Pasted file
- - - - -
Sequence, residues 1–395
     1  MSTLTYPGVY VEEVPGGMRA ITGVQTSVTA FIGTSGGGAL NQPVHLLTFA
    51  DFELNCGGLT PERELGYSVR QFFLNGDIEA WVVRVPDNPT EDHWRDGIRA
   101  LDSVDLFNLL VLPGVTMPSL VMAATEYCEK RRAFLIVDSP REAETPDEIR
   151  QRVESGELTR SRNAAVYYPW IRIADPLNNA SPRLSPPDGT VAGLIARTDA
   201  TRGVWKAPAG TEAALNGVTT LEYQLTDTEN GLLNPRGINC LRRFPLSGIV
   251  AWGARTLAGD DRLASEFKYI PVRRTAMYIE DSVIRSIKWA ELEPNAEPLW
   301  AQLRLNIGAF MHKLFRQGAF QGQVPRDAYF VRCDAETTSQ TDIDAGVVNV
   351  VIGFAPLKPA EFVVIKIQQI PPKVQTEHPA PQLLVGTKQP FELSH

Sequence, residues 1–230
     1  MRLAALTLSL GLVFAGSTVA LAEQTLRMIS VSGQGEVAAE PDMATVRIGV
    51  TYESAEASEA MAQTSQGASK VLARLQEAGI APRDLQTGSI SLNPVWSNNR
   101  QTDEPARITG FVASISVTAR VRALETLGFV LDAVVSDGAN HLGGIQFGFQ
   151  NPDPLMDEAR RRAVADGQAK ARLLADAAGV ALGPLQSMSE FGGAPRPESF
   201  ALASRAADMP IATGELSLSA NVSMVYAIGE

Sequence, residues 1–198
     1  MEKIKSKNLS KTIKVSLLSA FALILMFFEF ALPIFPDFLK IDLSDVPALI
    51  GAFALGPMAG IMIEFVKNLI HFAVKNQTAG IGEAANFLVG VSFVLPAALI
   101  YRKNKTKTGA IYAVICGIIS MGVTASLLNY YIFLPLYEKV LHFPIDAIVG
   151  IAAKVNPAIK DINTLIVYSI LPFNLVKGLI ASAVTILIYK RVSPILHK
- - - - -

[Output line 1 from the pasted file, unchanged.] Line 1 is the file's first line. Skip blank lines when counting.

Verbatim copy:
Sequence, residues 1–395